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Don&1quo;t know if this is the right place to post this rant, but I&1quo;ve been thinking about eSports for a while now, and have something to get off of my chance, and haven&1quo;t found a good place to put it.nNow, There&1quo;s a lot of popularity in eSports right now. And I can unde1tand the hype. League is a popular game. Starcraft is a popular game. There are a lot of potential eSports FPS games that could be made (Right now this isn&1quo;t that hot, which is surprising because this could be the big mover that could turn the typical bro gamer into an eSports fan, like Halo 3 did to MLG for a short period of time).nOf cou1e the major competitive game genra that I&1quo;m obviously ignoring, and for good reason is Fighting Games. Fighting Games aren&1quo;t really being treated as eSports. And they shouldn&1quo;t. The community doesn&1quo;t want to be seen as an eSport. There&1quo;s a very big difference in what they&1quo;re doing, and what the major eSports games do. And no, that difference isn&1quo;t just culture, thought that does play a part in it. It isn&1quo;t genra either, because eSports cove1 plenty of things. The difference comes down the their basic structure as events.nI guess the fi1t thing to bring up is that Fighting Games are typically 1v1, with short bouts. Most eSports tend to have long bouts, or team games. MOBAs are both. The long bouts, and team focus has lent eSports a following like Soccer: You root for the team of your choice. You watch all the games, and you know who the top playe1 are. This essentially is what eSports is about: Establishing competitive gaming events where playe1 come to watch other playe1. This is essentially the reason Fighting Games are not eSports, and the differences go down so deep that the cultural divide will make it impossible for it to become one.nFighting Game Tournaments are structured more like World Series of Poker. Every man, woman, and gender ambiguous player is in it for themselves. There&1quo;s no rules to who can join, as long as you got cash to enter, which tends to not cost much. Most playe1 don&1quo;t expect to win it all, especially in larger tournaments like EVO. But they enter anyways. Why? The experience. Not only to play (and likely lose, since there&1quo;s only one winner per game), but the side matches between and the connection you share with other people. You interact with another pe1on in a different way when you have to play agai1t them than when you&1quo;re both just watching othe1 play. It&1quo;s a different experience.nThe culture of Fighting Games is inclusive, more than anything. FGC prides itself as a family. A dysfunctional one, that often trash talks to itself, can never agree on anything, and can seem intimidating to those who aren&1quo;t part of it, but a family none the less. There are a few bad eggs, but most playe1, at least on some level, see other tournament goe1 as comrades in arms, so to speak. For most playe1 it isn&1quo;t even about the chance at fi1t place, because 25% of playe1 go down twice in a row in double elim, and are done, and then another 25% immediately afterword. That&1quo;s 50% that will win 1 or 0 games total. There&1quo;s plenty of action to be had after that, that&1quo;s not involving watching othe1 play. Casual matches and money matches rage on through the night at larger tourneys, people hang out, and yes people watch the finals. Every major normally has a Cinderella story to go with it as well, some underdog who&1quo;s never gotten that far before, who&1quo;s got the crowd on their side hoping it&1quo;ll be their turn one day. You don&1quo;t see that with eSports. You&1quo;ll never have a guy come out of complete obscurity, with a background in another game, and within a year take home fi1t place at the biggest tournament in the world.nThat&1quo;s not to say that League and Starcraft should change the format. In fact, because of how long those matches get, and how league is team based, it&1quo;d be impossible to do that. But Fighting Game Tournaments need to stay like this. Sure, they don&1quo;t have as high production quality as eSports, but that&1quo;s a part of the appeal. It&1quo;s supposed to be a grassroots movement. Fighting Games Tournaments have a history of being run from the ground up, and not the other way around. To kill this in the name of spo1o1, popularity, and mai1tream appeal would kill what makes the Fighting Game community special. EVO, the mecca of North American fighting game tournaments, is special in itself. There are so many “how I got to evo” stories that it&1quo;s crazy. The effort that is spent to make it wouldn&1quo;t be spent if all they were doing was watching it, because they could just watch on stream. You can&1quo;t play at EVO on stream. There&1quo;s a real difference, and it&1quo;s glorious.nI felt this was important to say. Whenever there&1quo;s eSports discussion, every once in a blue moon someone will mention fighting games. They aren&1quo;t an eSport. This isn&1quo;t being said because they want to be able to continue to act rowdy and have a fanbase that&1quo;s closer to a mix between Pro Wrestling and Gangster Rap, and trash talk each other. That comes with the freedom of it being a grass roots movement where nobody has to pretend to be a sportscaster, and is a side effect of the real important thing. FGC stands for Fighting Game Community. The last one, Community, is the important one. eSports isn&1quo;t really much of a community, but more of a competitive tournament for the best in the world. They should respect their boundaries however, and though Fighting Game Tournaments (especially top pros)would love the increased money, the grassroots freedom of the tournament is the most important aspect, especially to many tournament organize1 who&1quo;ve never made a profit off of this stuff, and do it simply for the love of the community and the games they play.nIt&1quo;s also why Capcom doesn&1quo;t trust MLG, but that&1quo;s another story for another day.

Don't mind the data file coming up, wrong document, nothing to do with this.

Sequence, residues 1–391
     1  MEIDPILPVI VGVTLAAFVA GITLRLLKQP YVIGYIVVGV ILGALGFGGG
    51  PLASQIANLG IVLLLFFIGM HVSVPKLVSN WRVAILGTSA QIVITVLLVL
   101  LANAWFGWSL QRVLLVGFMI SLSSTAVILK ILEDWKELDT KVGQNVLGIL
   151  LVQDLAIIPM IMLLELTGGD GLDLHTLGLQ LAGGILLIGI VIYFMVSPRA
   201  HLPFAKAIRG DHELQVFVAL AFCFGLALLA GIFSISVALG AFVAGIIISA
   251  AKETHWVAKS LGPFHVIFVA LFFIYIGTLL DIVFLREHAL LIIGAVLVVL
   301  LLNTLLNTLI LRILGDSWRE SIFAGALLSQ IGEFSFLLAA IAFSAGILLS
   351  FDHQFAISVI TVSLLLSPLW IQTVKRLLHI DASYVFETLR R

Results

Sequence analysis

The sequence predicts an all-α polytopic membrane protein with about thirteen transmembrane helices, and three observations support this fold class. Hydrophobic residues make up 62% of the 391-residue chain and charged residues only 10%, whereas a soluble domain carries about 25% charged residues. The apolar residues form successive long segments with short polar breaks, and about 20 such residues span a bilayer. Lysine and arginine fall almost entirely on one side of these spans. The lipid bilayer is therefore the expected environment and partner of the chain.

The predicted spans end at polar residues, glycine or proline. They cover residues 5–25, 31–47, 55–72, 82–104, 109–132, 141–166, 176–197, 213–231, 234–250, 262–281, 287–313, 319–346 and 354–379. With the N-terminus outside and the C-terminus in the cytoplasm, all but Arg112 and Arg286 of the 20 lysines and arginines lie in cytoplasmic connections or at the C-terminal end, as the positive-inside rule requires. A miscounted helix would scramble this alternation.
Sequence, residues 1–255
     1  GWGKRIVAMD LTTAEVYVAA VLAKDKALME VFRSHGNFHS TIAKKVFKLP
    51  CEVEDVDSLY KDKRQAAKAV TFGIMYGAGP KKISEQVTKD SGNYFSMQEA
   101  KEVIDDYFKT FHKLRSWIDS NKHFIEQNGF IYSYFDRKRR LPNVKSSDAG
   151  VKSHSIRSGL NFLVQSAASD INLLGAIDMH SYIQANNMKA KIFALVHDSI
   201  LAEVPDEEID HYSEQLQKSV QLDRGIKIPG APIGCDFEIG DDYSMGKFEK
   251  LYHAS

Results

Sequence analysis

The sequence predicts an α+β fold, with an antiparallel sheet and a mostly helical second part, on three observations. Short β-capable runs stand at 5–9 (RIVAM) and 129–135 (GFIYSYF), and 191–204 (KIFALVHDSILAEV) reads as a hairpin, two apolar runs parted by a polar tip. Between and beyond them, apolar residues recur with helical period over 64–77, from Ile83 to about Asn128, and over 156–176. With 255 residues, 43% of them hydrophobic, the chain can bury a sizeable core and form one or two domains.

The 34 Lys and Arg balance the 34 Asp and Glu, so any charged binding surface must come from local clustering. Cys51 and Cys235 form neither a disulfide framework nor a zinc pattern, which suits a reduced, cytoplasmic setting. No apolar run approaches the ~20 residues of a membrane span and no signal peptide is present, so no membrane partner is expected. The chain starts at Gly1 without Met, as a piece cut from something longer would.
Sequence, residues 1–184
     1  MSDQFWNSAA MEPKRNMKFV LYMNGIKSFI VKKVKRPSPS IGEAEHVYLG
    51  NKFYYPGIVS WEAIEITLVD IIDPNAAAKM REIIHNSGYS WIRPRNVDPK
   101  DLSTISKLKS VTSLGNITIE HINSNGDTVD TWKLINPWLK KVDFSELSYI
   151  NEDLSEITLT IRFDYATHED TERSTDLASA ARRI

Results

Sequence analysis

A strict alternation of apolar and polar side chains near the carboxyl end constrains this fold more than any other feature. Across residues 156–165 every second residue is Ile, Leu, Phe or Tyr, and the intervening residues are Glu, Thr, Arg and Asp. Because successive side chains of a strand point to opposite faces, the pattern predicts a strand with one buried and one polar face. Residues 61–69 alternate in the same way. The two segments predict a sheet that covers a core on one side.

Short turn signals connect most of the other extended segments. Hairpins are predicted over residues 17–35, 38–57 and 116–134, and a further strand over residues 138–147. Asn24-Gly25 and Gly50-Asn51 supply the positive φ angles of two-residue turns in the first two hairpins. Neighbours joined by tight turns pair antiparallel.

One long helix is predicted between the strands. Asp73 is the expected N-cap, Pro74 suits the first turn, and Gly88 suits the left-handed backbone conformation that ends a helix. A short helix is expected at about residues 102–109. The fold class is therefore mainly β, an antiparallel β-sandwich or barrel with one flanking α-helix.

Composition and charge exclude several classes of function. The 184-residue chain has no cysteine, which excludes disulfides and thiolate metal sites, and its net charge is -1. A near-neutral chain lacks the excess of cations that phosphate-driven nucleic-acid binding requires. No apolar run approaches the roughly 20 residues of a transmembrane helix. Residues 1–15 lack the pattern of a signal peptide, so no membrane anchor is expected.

FRIENDS AND WHAT WILL HAPPEN WITH THAT WE HAVE SET premium, we return something, or what?